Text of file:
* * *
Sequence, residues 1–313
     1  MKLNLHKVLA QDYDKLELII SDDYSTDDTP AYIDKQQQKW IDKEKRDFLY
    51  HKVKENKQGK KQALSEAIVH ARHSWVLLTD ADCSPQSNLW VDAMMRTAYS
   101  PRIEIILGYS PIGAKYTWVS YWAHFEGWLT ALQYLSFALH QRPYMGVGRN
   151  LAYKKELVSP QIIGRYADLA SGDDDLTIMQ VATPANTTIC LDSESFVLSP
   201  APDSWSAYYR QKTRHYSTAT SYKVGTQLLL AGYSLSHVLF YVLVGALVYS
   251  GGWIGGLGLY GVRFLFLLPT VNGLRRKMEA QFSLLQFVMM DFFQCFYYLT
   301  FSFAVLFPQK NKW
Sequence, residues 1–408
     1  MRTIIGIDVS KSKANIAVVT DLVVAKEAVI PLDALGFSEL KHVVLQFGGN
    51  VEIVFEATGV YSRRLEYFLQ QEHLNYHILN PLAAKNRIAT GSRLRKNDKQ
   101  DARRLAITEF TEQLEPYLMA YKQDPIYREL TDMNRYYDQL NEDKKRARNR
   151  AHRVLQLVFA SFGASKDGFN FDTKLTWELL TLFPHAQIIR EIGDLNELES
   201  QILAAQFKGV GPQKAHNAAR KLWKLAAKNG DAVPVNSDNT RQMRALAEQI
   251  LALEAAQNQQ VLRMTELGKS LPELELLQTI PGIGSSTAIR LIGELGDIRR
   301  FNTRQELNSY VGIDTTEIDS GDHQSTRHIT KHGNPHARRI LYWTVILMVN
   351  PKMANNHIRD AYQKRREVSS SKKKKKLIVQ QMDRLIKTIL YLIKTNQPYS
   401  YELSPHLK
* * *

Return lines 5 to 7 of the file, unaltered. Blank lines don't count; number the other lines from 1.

   151  LAYKKELVSP QIIGRYADLA SGDDDLTIMQ VATPANTTIC LDSESFVLSP
   201  APDSWSAYYR QKTRHYSTAT SYKVGTQLLL AGYSLSHVLF YVLVGALVYS
   251  GGWIGGLGLY GVRFLFLLPT VNGLRRKMEA QFSLLQFVMM DFFQCFYYLT